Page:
Mueller’s Strange Announcement
So what exactly did Robert Mueller’s weird 10-minute farewell salvo on Wednesday accomplish?
Oh, it fired up the Trump-haters who are ever more loudly demanding impeachment, saying surely Trump committed a crime even though after almost two years and about $40 million Mueller couldn’t quite link him to one.
And it fired up the Trump supporters who say Mueller proved what they’ve been saying all along: The investigation was politically motivated.
Mueller said his 400-page report “speaks for itself” but implied that a DOJ policy that says a sitting president can’t be indicted somehow hampered his findings on the question of obstruction of justice.
But Attorney General William Barr - respected by everyone before he joined the Trump administration and now detested by the left, adored by the right - told Congress under oath that Mueller told him the DOJ policy did not influence his decision to leave the obstruction issue to the Justice Department. Barr said Mueller told him that more than once. With witnesses present.
“When we met with him (Mueller), Deputy Attorney General Rosenstein and I met with him, along with Ed O’Callaghan, who is the principal associate deputy, on March 5th, we specifically asked him about the OLC opinion and whether or not he was taking a position that he would have found a crime but for the existence of the OLC opinion. And he made it very clear several times that that was not his position. He was not saying that but for the OLC opinion, he would have found a crime. He made it clear that he had not made the determination that there was a crime.”
It is not the role of a prosecutor to conclude an investigation, admit that there was no evidence of a crime, then publicly besmirch an individual by saying that the person is not in the clear.
Yet it’s happened before.
That’s what then-FBI Director James Comey did to Hillary Clinton in the summer of 2016.
Democrats were howling then. Republicans are howling now.
I tend to agree with Thursday’s Wall Street Journal editorial, “Robert Mueller’s Parting Shot: The Special Counsel Gave House Democrats An Impeachment Nod,” that noted, “in his public statement Wednesday we saw a special counsel who went out of his way not to absolve Donald Trump and may have put his thumb on the scale toward impeachment.”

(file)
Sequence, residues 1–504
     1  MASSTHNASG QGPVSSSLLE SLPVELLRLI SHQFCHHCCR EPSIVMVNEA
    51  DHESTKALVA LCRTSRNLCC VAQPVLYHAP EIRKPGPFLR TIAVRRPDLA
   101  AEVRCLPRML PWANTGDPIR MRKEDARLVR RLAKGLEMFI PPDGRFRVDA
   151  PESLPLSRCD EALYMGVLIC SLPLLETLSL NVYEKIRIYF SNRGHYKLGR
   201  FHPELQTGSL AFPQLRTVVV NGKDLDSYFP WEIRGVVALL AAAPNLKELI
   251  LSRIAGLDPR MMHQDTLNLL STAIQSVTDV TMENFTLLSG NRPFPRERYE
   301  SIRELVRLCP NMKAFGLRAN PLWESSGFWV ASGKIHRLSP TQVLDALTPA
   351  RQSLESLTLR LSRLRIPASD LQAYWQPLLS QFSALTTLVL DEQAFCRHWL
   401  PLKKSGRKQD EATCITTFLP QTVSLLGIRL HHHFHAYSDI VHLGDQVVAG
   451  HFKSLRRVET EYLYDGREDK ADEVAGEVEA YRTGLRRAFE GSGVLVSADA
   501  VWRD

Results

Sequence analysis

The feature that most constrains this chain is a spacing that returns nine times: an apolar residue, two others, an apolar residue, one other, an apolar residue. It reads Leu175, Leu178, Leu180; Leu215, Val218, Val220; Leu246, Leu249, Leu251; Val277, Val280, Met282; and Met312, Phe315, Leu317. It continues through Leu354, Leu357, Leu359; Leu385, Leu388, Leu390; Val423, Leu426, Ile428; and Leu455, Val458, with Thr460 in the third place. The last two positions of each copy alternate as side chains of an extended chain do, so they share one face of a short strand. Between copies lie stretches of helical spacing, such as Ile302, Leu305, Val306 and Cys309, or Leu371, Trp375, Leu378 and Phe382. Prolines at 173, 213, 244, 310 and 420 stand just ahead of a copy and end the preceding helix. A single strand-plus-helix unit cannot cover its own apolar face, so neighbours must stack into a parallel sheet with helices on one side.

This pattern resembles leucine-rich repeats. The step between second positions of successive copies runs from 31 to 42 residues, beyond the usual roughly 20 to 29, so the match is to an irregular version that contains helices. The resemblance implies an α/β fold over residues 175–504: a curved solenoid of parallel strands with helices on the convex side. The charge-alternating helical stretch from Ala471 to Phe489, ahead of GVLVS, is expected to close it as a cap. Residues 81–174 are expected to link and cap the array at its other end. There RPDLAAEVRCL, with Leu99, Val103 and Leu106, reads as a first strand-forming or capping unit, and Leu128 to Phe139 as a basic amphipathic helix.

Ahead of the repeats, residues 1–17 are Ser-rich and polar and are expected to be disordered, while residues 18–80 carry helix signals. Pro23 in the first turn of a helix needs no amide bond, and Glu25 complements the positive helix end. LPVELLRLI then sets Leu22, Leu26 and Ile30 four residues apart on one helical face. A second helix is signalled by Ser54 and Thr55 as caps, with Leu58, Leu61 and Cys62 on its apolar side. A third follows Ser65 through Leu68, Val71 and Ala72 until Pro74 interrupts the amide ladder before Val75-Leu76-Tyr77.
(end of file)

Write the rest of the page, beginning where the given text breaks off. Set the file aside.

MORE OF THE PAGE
The editorial also questioned Mueller’s assertion that he had enlisted a top-notch team of investigators:
“Mr. Mueller finished his statement with an ode to “the attorneys, the FBI agents, and analysts, the professional staff who helped us conduct this investigation in a fair and independent manner.” These individuals, he said, “were of the highest integrity.”
Does that include Andrew McCabe, the former deputy FBI director who is being investigated for lying to investigators?
Does he mean Peter Strzok and Lisa Page, the FBI paramours whose antipathy for Donald Trump is obvious from their text messages? Mr. Strzok was part of Mr. Mueller’s investigating team until those texts were discovered.
Does Mr. Mueller also mean the FBI officials who used the politically motivated, and since discredited, Steele dossier to persuade a Foreign Intelligence Surveillance Court to issue a warrant to spy on Trump adviser Carter Page? Mr. Mueller didn’t appear to want to investigate that part of the Russia story. Was that behavior of “the highest integrity”?
Mr. Mueller would have better served the country and his own reputation if he had simply done what he claimed he wants to do and let his report speak for itself.
Instead he has weighed in for the Democrats who want to impeach the President, though he doesn’t have to be politically accountable as he skips town. This is the core problem with special counsels who think they answer only to themselves.”
My theory is that Trump’s relentless criticism of Mueller finally got to the special counsel. Unable to connect Trump to any crimes, he simply launched a hand grenade in the president’s direction and then ran for cover, saying he wouldn’t answer any more questions about the investigation.
But Mueller’s inscrutable actions this week give rise to new questions. Including one about the special counsel’s impartiality.